Big changes underway in child and family services

  • Wed Jan 31st, 2007 6:00am
  • News

By Charlotte Tarver–There’s a revolution underway in the way child and family support services are being delivered to islanders.
It started last June with the signing of an historic agreement between the provincial and federal governments and the Haida Child and Family Support Services Society. Today, that society is quickly moving forward getting organized; this spring, it will take responsibility for foster care, and in five years it will be responsible for all services now provided by the province’s Ministry of Children and Family Development.
Talking with Beryl Parke, the Executive Director of the Haida Child and Family Support Society gives an in-depth understanding of the energy and dedication being put forth to bring this new organization up to speed.
“We are still hiring staff and setting up the offices, the furniture is coming, the security systems are in, and we are seeing people,” she told the Observer. The organization’s main office is in Old Massett with another in Skidegate.
Last year, the agreement with Victoria and Ottawa gave the society authority to deliver some child and family services on the islands. The society has a budget and is building its infrastructure and developing protocols. A major step will be to assume responsibily when the province transfers responsibility for children in foster care in April.
By 2010, The Ministry of Children and Family Development will phase out its services on the islands, turning over all family services-Haida and non-Haida- to the HCFSS.
The society is now operational, as the Family Outreach Programs in Old Massett and Skidegate fell under its mandate last summer. A team of eight staff are working with island families and more staff will be hired soon.
“We are looking for people who are most qualified and who are Haida or have experience working with native communities,” Mrs. Parke said.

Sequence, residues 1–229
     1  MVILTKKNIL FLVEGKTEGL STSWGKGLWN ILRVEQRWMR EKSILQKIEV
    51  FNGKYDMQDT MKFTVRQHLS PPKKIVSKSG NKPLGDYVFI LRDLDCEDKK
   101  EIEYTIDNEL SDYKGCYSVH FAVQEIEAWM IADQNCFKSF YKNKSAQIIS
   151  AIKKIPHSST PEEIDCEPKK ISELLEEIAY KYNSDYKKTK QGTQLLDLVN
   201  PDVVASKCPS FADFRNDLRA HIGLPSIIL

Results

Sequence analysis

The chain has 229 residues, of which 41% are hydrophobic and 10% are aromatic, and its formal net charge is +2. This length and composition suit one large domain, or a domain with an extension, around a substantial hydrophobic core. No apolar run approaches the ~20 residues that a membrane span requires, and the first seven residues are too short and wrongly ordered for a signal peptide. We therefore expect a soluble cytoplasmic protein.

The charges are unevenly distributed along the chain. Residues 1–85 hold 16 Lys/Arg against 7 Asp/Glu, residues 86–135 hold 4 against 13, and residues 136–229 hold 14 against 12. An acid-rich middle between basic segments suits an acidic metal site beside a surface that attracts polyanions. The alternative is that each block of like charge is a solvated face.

Mrs. Parke has attended many meetings throughout the province with other executive directors of aboriginal agencies responsible for child and family services. Recently, the society signed an agreement with the Vancouver Aboriginal Child and Family Services that outlines how the two will work together to deliver support to twelve Haida children in Vancouver. The society is planning to meet with the RCMP, health centres and schools to gain a clear understanding on how to work cooperatively.
“It is always in the best interest of the child that family services uses the least intrusive measures with the family,” she says. “Having a community aboriginal agency managing child and family services, there will not be the historical baggage that is attached to government agencies.”
During the last few months, the staff has undergone intensive training in team building and maintaining confidentiality. “Our main focus is a healthy team that can work together. If we work together we will provide better service to our communities, Mrs. Parke said. “Respecting confidentiality is important so people can feel safe and secure when they come in and reveal their intimate family details to us.”
Right now, the society is making itself known to the community by holding and funding family events. The Family Outreach Program helped fund Christmas pageants in Old Massett and Skidegate in December. Each family received gift certificates and food. On New Year’s Eve, the society held a successful dry dance in Old Massett. They also organized a polar bear swim in Old Massett and will have an open house in their offices later this month.